If you're wondering what the difference is between anti-reflective coating vs. blue light coating, you're not alone! It's a question we get a lot, so we want to clear it up and better equip you to know which coating is right for you. Continue on to find out how the two coatings are similar, and how they're different.

Anti-Reflective Coating vs. Blue Light Coating

1. What Is an Anti-Reflective Coating?
2. What Is a Blue Light Coating?
3. Anti-Reflective vs. Blue Light: Similarities & Differences
3. Prescription Anti-Glare Glasses at SportRx

More of a visual person? Eyeglass Tyler has you covered. Watch as he compares anti-reflective coating vs. blue light coating.

What Is an Anti-Reflective Coating?

Also known as AR, non-glare, or anti-glare, anti-reflective coating is applied to the surface of the lens to minimize glare and reflection bouncing off of it. It's a really useful and beneficial coating to have, and we almost always recommend it. It's most often applied to both sides of eyeglass lenses, and on the back side of sunglass lenses.

We have a lot of resources available when it comes to this topic! If you have more questions, be sure to check out if anti-reflective coatings are worth it, if you even need it on your sunglasses, and a comparison of polarized lenses vs. an anti-reflective coating.

What is a Blue Light Coating?

An important distinction to make before we jump into this section is that there are blue light-blocking lenses that don't require a coating; it's part of the makeup of the lens. What we're discussing is a blue light coating. Why would we need this coating? With so many digital devices being used daily, harmful shortwave blue light damage has become increasingly prevalent. To read more about the harmful effects of blue light exposure, visit our blog on blue light explained.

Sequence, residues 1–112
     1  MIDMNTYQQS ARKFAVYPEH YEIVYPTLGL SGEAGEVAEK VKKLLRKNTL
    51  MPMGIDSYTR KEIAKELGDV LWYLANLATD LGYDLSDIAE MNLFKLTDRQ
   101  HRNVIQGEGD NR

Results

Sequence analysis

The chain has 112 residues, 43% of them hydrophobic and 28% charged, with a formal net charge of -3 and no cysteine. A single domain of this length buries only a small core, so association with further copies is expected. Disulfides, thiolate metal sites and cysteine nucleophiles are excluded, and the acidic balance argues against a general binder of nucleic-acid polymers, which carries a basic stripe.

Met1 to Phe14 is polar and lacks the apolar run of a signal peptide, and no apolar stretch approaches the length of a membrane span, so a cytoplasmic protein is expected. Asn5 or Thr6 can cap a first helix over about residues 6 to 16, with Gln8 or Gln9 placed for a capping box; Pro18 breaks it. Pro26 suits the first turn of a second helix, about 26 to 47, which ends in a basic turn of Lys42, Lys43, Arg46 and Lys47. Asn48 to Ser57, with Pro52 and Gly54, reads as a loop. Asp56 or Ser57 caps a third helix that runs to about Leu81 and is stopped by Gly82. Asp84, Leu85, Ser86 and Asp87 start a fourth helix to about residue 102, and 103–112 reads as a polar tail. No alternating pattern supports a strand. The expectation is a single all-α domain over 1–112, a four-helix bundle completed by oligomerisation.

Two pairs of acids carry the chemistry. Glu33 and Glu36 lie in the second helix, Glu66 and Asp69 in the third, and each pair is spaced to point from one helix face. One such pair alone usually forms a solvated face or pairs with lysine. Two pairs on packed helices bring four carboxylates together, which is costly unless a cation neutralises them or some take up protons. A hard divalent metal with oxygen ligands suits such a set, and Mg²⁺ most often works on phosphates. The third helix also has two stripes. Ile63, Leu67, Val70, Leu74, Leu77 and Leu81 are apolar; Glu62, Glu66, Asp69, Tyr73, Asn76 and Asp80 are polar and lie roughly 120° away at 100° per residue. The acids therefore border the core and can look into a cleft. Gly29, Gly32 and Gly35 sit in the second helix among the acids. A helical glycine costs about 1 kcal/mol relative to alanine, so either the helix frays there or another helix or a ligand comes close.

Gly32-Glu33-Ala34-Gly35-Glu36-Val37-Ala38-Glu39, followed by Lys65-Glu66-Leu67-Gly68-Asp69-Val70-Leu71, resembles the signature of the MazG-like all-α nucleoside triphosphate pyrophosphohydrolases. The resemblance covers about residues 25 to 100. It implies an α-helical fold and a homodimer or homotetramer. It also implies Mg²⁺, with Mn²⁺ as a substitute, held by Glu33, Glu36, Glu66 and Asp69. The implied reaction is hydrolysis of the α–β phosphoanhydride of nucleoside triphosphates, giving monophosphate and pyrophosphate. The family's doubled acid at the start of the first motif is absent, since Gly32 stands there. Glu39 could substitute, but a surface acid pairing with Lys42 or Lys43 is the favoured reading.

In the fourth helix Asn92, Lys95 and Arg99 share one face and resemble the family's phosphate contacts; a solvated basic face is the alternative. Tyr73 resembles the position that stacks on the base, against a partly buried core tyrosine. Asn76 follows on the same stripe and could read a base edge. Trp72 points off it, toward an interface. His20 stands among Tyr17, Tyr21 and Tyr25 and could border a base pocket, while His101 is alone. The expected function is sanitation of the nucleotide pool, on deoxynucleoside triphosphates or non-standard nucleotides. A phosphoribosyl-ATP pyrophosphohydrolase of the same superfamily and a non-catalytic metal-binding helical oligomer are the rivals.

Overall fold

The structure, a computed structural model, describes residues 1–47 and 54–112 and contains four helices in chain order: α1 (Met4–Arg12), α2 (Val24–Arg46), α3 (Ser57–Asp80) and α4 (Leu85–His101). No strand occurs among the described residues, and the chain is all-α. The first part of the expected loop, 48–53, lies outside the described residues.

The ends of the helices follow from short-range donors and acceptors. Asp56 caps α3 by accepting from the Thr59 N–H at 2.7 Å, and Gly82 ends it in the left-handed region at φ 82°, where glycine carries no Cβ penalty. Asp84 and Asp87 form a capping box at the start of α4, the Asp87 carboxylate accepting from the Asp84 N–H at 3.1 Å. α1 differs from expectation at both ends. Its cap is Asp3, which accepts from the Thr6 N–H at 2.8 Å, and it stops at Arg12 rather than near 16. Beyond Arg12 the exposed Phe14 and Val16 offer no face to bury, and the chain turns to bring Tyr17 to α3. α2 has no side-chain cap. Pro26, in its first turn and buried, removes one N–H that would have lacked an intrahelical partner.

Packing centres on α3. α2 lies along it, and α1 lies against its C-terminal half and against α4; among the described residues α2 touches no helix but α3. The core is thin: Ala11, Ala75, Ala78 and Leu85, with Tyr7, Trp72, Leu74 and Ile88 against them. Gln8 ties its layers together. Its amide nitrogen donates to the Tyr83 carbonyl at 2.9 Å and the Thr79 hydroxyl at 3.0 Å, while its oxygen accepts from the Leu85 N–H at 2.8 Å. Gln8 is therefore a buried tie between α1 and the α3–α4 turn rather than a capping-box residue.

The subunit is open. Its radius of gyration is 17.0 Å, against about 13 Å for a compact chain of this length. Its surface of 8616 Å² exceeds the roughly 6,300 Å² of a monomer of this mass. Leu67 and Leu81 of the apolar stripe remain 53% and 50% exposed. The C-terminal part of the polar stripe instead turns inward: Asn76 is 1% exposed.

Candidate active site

A blue light coating is often found within an anti-reflective coating. At SportRx for example, our blue defense coating is an AR coating with the added benefit of blocking damaging blue light.

Anti-Reflective vs. Blue Light: Similarities & Differences

When it comes to the similarities of anti-reflective and blue light coatings, they're both AR coatings, so they have the benefit of minimizing glare. The difference is the blue defense coating has the added blue light-blocking capabilities in addition to the AR coating. In summary, they're both considered anti-glare glasses, but only one is anti-blue!

Prescription Anti-Glare Glasses at SportRx

Need prescription anti-glare glasses or anti-glare lenses? Done. When you shop with us, you’ll find video guides and tooltips throughout the build process as you customize the perfect pair. An answer to all your questions is at your fingertips, and if you want to chat with an expert, contact us. We’ll put you in touch with one of our friendly in-house opticians who can help you build your prescription anti-reflective glasses or blue light glasses — or both!

Ditch risky online shopping with the See Better Guarantee. Try your anti-glare glasses or blue light glasses for 45 days. If you’re not 100% satisfied, send them back. Get a full refund, exchange, or credit towards a better pair. And return shipping? It's on us. Get your pair of prescription glasses or sunglasses at SportRx today!

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